Conciliation court: A valuable tool for litigators

By Nicholas J. Sideras

1220-Red-swiss-knifeImagine a prospective client comes to your office with the following issue. Sally does semi-professional landscaping work as a side-job from her main employment. Sally’s neighbor, Marcus, agreed to pay Sally $7,500 to landscape his backyard. Sally knew Marcus, a well-connected person, may give her some positive word of mouth with his friends for further projects, so she agreed. Sally and Marcus decided not to execute a written agreement for Sally to complete this work. Unfortunately, after Sally finished the job, Marcus only paid Sally $2,500. Sally wants to know her options. 

The most obvious is to send a letter to Marcus on your office’s letterhead demanding payment for Sally. This is a low-cost solution for Sally, and it certainly may result in payment. But when Marcus rejects the demand, do you file a complaint in district court over the outstanding $5,000? The costs in taking such action may not make Sally whole when attorney fees are considered, assuming an hourly billable rate for the file. In a circumstance like this, you may want to consider conciliation court. 

Conciliation court represents a valuable avenue for clients that sometimes is overlooked. In Minnesota, conciliation courts have broad jurisdiction over a substantial ambit of civil cases when the damages are $15,000 or less. This article walks through the conciliation court process and addresses the advantages and disadvantages that attorneys should consider when advising clients.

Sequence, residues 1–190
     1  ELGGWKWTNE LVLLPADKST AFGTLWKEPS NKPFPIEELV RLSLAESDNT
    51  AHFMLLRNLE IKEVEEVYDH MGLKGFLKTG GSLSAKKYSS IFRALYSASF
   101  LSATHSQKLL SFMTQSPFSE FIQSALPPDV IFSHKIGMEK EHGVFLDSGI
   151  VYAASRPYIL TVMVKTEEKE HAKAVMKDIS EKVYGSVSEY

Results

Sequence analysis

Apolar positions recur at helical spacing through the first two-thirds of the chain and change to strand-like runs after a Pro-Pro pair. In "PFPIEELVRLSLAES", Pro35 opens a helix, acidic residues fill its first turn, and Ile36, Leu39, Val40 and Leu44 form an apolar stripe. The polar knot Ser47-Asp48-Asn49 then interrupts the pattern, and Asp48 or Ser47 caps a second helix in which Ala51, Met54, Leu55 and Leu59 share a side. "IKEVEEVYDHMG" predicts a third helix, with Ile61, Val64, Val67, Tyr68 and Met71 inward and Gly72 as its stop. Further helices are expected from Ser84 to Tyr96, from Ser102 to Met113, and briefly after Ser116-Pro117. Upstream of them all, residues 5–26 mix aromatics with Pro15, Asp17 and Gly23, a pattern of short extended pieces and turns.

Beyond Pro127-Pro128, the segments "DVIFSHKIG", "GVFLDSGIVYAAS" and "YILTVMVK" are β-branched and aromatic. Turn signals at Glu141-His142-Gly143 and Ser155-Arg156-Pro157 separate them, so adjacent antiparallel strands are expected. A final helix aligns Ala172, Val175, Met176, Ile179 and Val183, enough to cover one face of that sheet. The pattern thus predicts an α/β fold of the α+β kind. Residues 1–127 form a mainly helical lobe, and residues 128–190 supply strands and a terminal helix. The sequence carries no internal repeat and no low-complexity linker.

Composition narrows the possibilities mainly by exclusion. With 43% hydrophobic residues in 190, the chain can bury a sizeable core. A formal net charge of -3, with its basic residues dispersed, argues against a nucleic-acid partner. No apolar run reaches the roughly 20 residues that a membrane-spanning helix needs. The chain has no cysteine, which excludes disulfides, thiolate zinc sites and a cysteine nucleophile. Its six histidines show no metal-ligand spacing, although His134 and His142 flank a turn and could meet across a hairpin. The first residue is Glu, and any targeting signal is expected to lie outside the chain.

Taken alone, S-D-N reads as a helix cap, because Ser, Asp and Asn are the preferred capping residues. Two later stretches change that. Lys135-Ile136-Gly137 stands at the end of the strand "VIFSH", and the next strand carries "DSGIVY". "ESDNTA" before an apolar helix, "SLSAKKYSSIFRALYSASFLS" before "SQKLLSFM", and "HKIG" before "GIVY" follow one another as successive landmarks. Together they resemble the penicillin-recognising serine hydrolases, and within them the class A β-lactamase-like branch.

Conciliation court jurisdiction and procedure

In Minnesota, conciliation courts are a part of the district court.1 Conciliation courts have jurisdiction in cases where the claims do not exceed $15,000 ($4,000 for matters involving consumer credit transactions).2 But remember that the Legislature has carved out specific cases that conciliation courts cannot address; they include matters involving title over real estate, defamation, injunctive relief, evictions, and medical malpractice, among others.3 

Conciliation court is an expedited process for civil cases. Rather than engaging in discovery or motion practice, after the filing of a statement of claim and summons, the court schedules the matter for a bench trial.4 In some counties, these cases are stacked onto a calendar for the same time with the expectation that most cases will either be resolved without court involvement or through default against one party.5

The contested proceedings before a conciliation court are less formal than district court proceedings.6 The conciliation court receives the evidence offered by the parties,7 as expected, and it may receive evidence, in its discretion and the interest of justice, that would otherwise be inadmissible under the rules of evidence.8 No transcript of these proceedings is made.9 A conciliation court then issues a judgment after the proceeding.10 

A conciliation court’s judgment becomes final unless the aggrieved files a notice of removal to the district court.11 The process to remove a conciliation matter to the district court is similar to an appeal, and parties must act timely to preserve this right.12 An aggrieved party must: (1) serve their demand for removal, (2) file the original demand with the court administrator with proof of service, (3) file an affidavit with the court administrator that removal is in good faith and not to delay, and (4) pay the costs for removal.13 

After successfully removing the matter to the district court, the matter is scheduled for a de novo trial.14 At this point, the Rules of Civil Procedure apply to the proceedings.15 A party may modify their pleadings from the conciliation court, if they choose, by serving a formal complaint on the opposing party.16 Either party may demand a jury trial after removal.17 A district court’s determination on the merits of the removed matter may then be appealed to the court of appeals.18